As a semblance of civilian administration begins to take shape in Kosovo, concern for stability and an end to ethnic reprisals is especially high. The police commissioner for the UN Interim Mission in Kosovo (UNMIK), Sven Frederiksen, visited the United Nations yesterday to brief officials and the press on the crime situation in Kosovo. Like previous UNMIK officials, he says violent crimes have dropped sharply but urged the international community to send more officers to help properly police the province.
United Nations, 3 February 2000 (RFE/RL) -- There are still almost daily reports of incidents showing that Kosovo remains a dangerous place. Yesterday's rocket attack on a UN bus carrying Serbs was another case in point.
But UN officials in charge of policing and administering the province have said repeatedly during the past month that the rate of such violent crimes continues to fall sharply from the levels seen last summer when UNMIK began its work.
The police commissioner for UNMIK, Sven Frederiksen, told reporters at the United Nations in New York yesterday that the level of hatred between Serbs and Albanians is "so extreme you can feel it." But he, too, said there has been a noticeable improvement on the ground.
"After seven months, if I look at the situation when I arrived in the mission seven months ago -- no people on the streets, fear amongst the population, an extremely high number of crimes, hate crimes. And if we look at the situation on the ground now, the situation has improved dramatically, both because of KFOR but certainly also because of us deploying all over Kosovo."
Frederiksen says he has an international police force of 1,970 currently under his command. They patrol an area, he says, covering about 70 to 75 percent of the population. And he notes that the international force, composed of civilian officers from 42 nations, is so far not equipped to deal with special situations such as riots. The United Nations authorized a force of 4,700 when UNMIK was established, and envisioned among them were special units able to go beyond daily policing duties.
Frederiksen yesterday repeatedly called on member states to contribute more officers to help the force realize its goals.
"We need international police and we need them desperately, especially on the so-called special police units. These are police units which are going to be used to deal with riot control, demonstrations, to secure areas, protect UN buildings, carrying out VIP transport and these kind of things."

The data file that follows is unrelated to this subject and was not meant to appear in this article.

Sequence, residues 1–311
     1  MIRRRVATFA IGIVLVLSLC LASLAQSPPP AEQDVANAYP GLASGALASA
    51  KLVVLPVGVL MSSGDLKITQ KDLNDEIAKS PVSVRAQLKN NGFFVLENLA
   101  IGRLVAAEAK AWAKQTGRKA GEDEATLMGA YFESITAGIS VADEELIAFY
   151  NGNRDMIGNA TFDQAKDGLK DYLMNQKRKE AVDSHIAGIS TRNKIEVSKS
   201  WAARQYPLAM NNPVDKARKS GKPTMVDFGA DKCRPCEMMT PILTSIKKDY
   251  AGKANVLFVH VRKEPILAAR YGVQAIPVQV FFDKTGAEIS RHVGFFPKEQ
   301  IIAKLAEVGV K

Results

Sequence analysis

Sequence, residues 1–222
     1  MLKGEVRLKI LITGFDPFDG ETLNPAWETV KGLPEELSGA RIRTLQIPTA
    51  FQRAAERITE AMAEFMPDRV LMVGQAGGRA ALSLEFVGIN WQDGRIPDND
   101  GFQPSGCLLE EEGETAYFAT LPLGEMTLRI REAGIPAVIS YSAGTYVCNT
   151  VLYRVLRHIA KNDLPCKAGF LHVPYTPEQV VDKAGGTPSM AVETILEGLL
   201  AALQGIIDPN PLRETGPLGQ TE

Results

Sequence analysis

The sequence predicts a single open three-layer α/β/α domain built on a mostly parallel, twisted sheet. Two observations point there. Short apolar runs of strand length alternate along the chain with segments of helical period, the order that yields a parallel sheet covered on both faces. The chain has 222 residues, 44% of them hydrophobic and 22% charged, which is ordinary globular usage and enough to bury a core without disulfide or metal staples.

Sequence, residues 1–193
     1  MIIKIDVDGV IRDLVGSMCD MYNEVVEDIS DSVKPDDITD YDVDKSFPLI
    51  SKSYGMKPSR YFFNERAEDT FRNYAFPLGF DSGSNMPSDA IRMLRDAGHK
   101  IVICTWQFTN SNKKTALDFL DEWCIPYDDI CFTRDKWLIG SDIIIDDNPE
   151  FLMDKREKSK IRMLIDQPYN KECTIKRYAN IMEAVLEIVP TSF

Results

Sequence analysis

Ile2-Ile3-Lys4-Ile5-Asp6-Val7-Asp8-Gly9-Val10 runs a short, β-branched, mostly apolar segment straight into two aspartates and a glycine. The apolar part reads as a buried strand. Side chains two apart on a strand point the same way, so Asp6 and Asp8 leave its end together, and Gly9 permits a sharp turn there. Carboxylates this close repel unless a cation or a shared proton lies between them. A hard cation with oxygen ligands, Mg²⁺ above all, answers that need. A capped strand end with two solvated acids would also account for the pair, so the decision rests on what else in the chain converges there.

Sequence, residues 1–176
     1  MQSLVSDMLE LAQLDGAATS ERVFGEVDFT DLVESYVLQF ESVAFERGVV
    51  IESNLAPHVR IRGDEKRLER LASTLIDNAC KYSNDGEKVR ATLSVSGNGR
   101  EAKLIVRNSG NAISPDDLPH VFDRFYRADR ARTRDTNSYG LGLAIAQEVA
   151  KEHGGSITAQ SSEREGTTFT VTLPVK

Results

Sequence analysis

The UN police commissioner noted that the international force's main duties are to patrol the province and also provide training for a Kosovo police service. He said his department is in the process of interviewing thousands of candidates. At present, he says, there are 176 Kosovars -- ethnic Albanians, Serbs and Gorans -- out patrolling as trainees.
The overwhelming focus of police work so far, Frederiksen says, has been on reducing the number of hate crimes. Since the deployment of NATO forces last summer and the subsequent establishment of the UN mission, there have been hundreds of incidents in which ethnic Albanians have carried our reprisals on Serbs in the province.
This has forced the flight of thousands of Serbs and fed the suspicion that the UN mission was biased against the Serb population. Moderate Serb leaders in Kosovo are now considering ending a four-month long Serb boycott of the UN-backed provincial council. Easing ethnic crimes is crucial to allowing the fledgling local administration to take root.
Frederiksen says there are currently 130 people in detention charged with murder and the international force is devoting a portion of its resources to prosecuting all ethnic crimes. The evidence so far, he says, shows many of those charged acted alone rather than in gangs. He takes hope in the sharp decline in murders since last summer.
"When I came to the mission in July, you would see around 50, 60, maybe even up to 70 murders, just to take one of the capital crimes. The week before last we had seven."
As for manpower, there will likely no major increase in officers in the near future. With scores of UN member states behind on annual dues and payments to peacekeeping operations, contributions to the Kosovo force may not be a top priority. But Frederiksen says he's hearing a "little bit of good news" on his current trip to New York. He said the United States has committed 100 more officers to the force.